AG2R La Mondiale, Bretagne-Schuller, Cofidis, Europcar, FDJ, Garmin-Cervélo and Skil-Shimano are the seven teams that belong to a grouping known as the MPCC, the Mouvement pour un Cyclisme Crédible. They are now calling for teams involved in doping scandals to be involved in any punishment.
Normally it is only the rider who is sanctioned but the call here is to include the teams involved. The full proposals have not been set out in detail but the information reported by Le Monde certainly sounds worth exploring:
- when evaluating a team’s licence, the MPCC wants the UCI to make formal provisions for teams that have had one or more positive tests. The UCI licence already includes “ethical” criteria but these appear vague, establishing exactly what these criteria are could help.
- to increase the length of a ban for a rider caught using “heavy” doping techniques, such as blood manipulation, from two to four years.
- to allow a rider to come back but that any ranking points scored in the first two years of their return are not counted in the team’s rankings.
- The MPCC is also supportive of the “no needles” idea.
I’m finding it hard to disagree with these ideas. When I saw the headlines I feared some sort of collective punishment, a situation where an innocent rider who has not taken so much of a paracetamol tablet could be excluded from races because a team mate decided to risk everything. But that’s not the case, using the UCI licence review turns the issue into a longer term evaluation of the teams rather than a snap ban and I’m a lot more happy with this.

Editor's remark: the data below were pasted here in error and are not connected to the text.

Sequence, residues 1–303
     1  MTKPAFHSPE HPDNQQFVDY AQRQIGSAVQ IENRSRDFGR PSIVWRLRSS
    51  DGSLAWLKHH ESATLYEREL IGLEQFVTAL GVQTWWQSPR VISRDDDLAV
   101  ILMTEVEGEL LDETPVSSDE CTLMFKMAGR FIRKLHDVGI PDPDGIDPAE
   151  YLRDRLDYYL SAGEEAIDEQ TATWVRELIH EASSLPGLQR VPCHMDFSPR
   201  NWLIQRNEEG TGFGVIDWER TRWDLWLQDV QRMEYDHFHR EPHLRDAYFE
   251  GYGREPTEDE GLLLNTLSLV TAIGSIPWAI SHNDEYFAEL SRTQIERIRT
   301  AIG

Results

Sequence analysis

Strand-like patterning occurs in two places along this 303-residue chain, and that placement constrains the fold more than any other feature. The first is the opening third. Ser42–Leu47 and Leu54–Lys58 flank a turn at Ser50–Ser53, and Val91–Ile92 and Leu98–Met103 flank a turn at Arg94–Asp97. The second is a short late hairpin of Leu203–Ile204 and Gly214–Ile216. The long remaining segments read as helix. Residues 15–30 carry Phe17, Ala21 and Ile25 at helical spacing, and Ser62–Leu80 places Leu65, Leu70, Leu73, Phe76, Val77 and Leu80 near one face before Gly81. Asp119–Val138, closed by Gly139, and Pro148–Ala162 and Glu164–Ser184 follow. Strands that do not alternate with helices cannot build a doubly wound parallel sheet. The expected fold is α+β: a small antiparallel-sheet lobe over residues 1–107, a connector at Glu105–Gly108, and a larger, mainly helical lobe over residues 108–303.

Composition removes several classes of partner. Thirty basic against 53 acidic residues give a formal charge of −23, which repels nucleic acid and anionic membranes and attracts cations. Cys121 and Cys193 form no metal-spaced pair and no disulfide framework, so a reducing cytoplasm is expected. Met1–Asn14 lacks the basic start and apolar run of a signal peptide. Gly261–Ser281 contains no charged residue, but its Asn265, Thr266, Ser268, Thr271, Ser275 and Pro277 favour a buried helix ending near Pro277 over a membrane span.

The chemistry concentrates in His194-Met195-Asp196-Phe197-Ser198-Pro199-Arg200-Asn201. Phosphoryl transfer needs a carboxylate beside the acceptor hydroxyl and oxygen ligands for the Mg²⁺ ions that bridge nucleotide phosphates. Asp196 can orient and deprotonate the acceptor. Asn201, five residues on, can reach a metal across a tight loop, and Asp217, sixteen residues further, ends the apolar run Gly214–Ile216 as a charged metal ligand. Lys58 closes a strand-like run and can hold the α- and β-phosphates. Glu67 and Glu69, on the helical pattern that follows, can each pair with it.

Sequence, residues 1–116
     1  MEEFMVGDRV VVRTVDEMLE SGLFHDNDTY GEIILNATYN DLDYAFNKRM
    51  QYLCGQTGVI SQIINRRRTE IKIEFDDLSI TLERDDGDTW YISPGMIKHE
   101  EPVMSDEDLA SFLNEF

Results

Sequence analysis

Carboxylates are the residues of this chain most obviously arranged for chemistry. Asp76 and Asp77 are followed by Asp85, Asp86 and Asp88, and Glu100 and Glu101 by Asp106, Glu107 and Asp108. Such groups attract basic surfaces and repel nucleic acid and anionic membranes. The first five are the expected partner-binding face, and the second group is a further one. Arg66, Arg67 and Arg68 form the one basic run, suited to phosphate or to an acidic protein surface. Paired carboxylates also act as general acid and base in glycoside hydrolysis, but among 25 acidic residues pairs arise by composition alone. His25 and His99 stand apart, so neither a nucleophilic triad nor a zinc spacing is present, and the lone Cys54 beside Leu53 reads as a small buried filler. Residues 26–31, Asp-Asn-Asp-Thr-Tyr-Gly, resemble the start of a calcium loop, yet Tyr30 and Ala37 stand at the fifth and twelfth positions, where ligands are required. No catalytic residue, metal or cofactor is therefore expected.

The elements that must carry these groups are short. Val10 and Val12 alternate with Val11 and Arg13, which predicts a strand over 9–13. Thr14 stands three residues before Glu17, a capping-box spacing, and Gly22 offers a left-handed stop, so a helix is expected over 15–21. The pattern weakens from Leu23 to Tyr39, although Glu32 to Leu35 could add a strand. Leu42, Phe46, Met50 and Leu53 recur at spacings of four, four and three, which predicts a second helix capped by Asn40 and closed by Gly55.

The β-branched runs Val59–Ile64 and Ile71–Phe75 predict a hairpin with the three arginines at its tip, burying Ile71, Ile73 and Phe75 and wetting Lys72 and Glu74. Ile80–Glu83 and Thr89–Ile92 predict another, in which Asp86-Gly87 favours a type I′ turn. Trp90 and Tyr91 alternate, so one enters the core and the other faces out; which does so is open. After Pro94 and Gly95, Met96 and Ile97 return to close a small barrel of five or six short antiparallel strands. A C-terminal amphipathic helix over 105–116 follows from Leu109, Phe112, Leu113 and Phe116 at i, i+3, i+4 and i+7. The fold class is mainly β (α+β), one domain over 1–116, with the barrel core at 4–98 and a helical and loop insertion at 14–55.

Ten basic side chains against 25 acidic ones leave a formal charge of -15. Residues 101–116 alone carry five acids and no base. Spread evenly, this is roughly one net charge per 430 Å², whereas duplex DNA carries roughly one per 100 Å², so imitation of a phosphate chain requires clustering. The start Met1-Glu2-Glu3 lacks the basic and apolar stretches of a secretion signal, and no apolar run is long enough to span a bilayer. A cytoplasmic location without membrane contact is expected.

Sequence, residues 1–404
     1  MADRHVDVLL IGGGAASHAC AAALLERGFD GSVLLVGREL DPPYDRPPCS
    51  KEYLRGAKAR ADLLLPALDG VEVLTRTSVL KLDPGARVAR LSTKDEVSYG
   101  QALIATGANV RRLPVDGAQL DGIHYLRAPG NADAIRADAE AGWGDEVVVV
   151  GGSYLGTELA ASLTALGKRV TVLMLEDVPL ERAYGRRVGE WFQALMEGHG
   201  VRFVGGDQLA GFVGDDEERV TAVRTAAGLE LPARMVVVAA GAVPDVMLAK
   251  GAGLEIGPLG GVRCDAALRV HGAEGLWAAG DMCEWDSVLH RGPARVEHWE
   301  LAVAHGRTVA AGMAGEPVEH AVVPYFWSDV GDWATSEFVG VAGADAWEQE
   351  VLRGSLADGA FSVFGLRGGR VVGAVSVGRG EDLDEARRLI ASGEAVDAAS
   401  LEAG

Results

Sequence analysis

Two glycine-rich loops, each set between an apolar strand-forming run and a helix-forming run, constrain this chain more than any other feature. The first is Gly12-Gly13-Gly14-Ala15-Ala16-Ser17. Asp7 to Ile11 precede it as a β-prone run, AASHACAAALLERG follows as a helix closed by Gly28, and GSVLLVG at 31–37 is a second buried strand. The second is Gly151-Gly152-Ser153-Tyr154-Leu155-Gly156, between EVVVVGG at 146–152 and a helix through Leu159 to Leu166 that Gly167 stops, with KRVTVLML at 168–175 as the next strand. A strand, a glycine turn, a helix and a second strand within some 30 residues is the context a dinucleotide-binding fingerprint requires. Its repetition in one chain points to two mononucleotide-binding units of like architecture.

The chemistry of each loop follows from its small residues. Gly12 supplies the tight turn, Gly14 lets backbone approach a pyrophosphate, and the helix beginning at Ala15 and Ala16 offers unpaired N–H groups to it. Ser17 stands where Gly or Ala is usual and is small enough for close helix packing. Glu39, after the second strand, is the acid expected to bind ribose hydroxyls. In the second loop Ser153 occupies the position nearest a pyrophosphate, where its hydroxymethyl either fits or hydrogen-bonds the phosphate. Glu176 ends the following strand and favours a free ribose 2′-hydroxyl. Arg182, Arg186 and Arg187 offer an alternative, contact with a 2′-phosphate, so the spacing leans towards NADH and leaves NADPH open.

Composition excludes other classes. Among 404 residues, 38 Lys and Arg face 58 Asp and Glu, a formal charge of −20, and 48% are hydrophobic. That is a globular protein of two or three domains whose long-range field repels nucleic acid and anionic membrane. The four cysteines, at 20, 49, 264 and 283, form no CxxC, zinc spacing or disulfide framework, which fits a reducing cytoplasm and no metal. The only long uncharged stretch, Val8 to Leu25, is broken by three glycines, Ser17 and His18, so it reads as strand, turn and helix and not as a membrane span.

Also the exclusion of a rider’s ranking points gained in a comeback seems tailor-made for the Riccardo Riccò situation. It allows a rider to return, to have every right to aim for big races and glorious wins and to allow their teams to enjoy all of this. But it diminishes the incentive return to old ways.
The MPCC is only a forum for teams to push for cleaner riding. I like the sound of the ideas but they need to be reviewed and drafted into real proposals, which is a more complicated matter.
First more teams need to come on board, namely the AIGCP grouping of teams needs to adopt these ideas and then get the UCI to agree too. With all the debate over race radios confusing fans and the media, a commitment by the AICGP to take up these anti-doping ideas, at least for review with the UCI, would be a smart move to show other issues can be tackled too.